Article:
To see all of the 2014 Swammy Award winners, presented by TYR, click here.
The “Heart Of A Champion” award is given to an individual or group that has shed a positive light on the sport of swimming that extends beyond competition results. This award is not necessarily given to the most successful athlete of the year, but to an individual or group that has demonstrated outstanding character outside of times and training.
2014 HONOREE: John Servati
When considering who to award the Heart Of A Champion Swammy to, there was one name that came to our minds above everyone else. That individual is former Alabama swimmer, John Servati.
In the early morning hours of April 29th, heavy storms rolled through the South, causing major damage in multiple states. Servati was taking shelter in a friends house in Tuscaloosa when a retention wall began to collapse. In a true act of selflessness, Servati held up the wall to allow his girlfriend to get away unharmed before the wall collapsed.
Servati, originally from Tupelo, Mississippi, was finishing his junior year at the University of Alabama. The 21 year-old made the dean’s list his freshman and sophomore years, and was also on Alabama’s SEC Championships team his first two years as a backstroker/middle distance freestyler.
Jake Reynolds (UA SW&D 2009-2013), a friend and teammate of John’s wrote a touching memoir in his honor. To read the full memoir, click here.
“John embodied everything good about a southern gentleman wrapped into one person: loyal, carefree, simple, authentic, steadfast, and loving.
John Servati did not let swimming define who he was. Better yet, he defined swimming through the type of teammate and competitor he was. While John’s legacy is cemented in Crimson and White, it extends far beyond the University of Alabama and far beyond swimming. John’s legacy is intermeshed in every life he touched and every person he graced with he smile. The sport of swimming and the University of Alabama just happen to be better because of John Servati.”
SwimSwam’s thoughts go out to Servati, his family, and the Alabama swimming family. John Servati truly did have the heart of a champion, and his legacy will always be remembered.
In no particular order
- Lewis Coleman’s 100×100’s World Record – One of the most exciting stories out of the United Kingdom early this year was the World Record breaking 100×100 SCM freestyle relay organized by GBR World Class Development squad member, Lewis Coleman. Coleman organized a team of 100 athletes that included Olympians, celebrities, and age groupers; including Michael Jamieson, Rebecca Adlington, Andrew Willis, Sophie Allen, Caitlin McClatchey, Jazz Carlin, Hannah Miley, Siobhan O’Connor, Lauren Quigley and Fran Halsall,. The relay was inspired by Coleman’s mother, who was diagnosed with Acute Lymphoblastic Leukemia in June of 2012. He told us that he “especially wanted the record to have a community feel to it and that of people coming together for a great cause.” The relay broke the record averaging 53.43 over all the 100’s to finish with a time of 1 hour, 29 minutes, and 3.78 seconds. They beat the previous record by more than 8 minutes (1 hr, 37min, :53).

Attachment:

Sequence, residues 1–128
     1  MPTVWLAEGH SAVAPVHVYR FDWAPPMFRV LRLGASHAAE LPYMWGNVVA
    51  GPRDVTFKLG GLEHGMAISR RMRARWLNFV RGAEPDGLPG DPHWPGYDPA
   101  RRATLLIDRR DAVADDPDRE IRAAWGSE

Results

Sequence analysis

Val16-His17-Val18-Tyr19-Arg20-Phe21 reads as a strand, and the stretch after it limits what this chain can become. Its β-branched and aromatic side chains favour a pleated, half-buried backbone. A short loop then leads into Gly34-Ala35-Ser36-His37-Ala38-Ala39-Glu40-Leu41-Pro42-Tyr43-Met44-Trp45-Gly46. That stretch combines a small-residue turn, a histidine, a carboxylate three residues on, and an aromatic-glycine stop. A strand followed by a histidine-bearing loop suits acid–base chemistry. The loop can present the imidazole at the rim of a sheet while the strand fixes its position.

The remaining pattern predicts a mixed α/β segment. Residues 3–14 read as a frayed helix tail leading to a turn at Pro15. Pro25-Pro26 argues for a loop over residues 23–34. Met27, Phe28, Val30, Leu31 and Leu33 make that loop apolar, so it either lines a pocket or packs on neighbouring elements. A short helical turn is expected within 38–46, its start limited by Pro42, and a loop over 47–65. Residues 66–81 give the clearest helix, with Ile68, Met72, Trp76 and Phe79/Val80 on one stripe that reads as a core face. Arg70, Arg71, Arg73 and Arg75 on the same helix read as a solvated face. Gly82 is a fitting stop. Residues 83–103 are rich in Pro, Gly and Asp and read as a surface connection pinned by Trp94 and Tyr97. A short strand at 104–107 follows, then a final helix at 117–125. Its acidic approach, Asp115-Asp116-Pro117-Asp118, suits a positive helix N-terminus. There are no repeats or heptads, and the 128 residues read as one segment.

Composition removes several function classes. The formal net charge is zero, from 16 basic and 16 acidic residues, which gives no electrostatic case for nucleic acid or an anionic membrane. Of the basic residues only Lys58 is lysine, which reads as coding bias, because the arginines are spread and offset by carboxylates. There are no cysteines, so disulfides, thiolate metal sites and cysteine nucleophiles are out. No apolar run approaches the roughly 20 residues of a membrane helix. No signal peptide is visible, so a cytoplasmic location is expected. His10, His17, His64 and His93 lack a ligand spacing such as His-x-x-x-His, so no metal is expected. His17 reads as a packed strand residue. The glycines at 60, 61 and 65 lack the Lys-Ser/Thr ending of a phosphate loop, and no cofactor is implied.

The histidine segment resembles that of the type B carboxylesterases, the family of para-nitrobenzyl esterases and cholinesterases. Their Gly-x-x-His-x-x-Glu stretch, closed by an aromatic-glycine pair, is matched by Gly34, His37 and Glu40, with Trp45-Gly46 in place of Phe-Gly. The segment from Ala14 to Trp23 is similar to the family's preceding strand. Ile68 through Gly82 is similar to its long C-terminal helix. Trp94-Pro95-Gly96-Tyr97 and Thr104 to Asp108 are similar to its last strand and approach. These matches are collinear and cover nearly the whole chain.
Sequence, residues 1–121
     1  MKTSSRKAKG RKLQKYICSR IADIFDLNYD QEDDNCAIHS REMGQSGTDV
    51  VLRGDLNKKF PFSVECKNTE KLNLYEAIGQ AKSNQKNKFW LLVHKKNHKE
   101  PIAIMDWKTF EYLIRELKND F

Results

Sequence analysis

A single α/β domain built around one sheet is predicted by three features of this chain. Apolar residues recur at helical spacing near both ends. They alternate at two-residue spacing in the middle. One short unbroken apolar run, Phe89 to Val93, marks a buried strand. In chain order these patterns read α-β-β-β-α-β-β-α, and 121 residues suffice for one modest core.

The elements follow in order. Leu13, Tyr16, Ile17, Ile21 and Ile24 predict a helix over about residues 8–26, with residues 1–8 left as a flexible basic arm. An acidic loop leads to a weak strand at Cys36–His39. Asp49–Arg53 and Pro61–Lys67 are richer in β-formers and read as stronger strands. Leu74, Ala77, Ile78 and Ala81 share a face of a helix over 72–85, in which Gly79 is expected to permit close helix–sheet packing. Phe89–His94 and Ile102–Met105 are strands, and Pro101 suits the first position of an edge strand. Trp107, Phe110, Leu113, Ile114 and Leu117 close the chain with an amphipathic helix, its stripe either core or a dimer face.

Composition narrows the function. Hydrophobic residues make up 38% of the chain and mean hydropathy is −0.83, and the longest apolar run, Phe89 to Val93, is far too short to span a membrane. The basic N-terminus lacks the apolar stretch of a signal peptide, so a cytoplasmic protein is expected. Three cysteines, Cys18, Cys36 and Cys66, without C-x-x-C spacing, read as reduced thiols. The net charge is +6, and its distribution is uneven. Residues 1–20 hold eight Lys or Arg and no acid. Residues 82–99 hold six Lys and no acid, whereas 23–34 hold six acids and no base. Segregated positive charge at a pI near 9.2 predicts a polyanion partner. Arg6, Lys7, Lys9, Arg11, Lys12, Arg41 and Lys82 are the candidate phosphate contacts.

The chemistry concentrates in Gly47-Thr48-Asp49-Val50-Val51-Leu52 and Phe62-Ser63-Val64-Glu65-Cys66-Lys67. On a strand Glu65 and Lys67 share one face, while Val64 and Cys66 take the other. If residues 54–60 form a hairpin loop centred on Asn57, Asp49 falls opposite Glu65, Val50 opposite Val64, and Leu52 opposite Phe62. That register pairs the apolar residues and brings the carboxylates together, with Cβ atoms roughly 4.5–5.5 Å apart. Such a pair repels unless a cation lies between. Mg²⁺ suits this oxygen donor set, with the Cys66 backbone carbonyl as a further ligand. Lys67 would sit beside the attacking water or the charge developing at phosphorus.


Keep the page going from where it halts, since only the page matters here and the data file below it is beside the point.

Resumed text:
- Carmel High School Girl’s Team – After winning their 28th Indiana High School State Championship, two Carmel high school swimmers, Claire Adams and Katy Schlies, skipped their team celebration to stay behind and help clean up the IUPUI pool deck. Dave Thibodeau, the Facility Manager of the IUPUI Natatorium in Indianapolis, IN, contacted us to share this story. The two swimmers were pushing garbage cans around the deck, picking up trash as they went along. When asked why they were doing that instead of celebrating with their team, their responses pleasantly surprised Thibodeau. Claire Adams, broke State Records in the 200 free (1:46.95) and the 100 back (52.97) in both prelims and finals as just a sophomore. She was also on both the National Record setting 200 and 400 yard freestyle relays. Katy Schlies was also a scoring member of the team, finishing 12th in the 500 freestyle (4:57.61). Both swimmers deserved to be celebrating with their team, but they told Thibodeau that the NAT shouldn’t have to clean up after their swimmers. They continued pushing the trash cans around the pool deck, past their team area, and did not stop until they made it a full lap around the pool. It’s a small thing, something that could have easily gone unnoticed, but something worthy of much laudation regardless.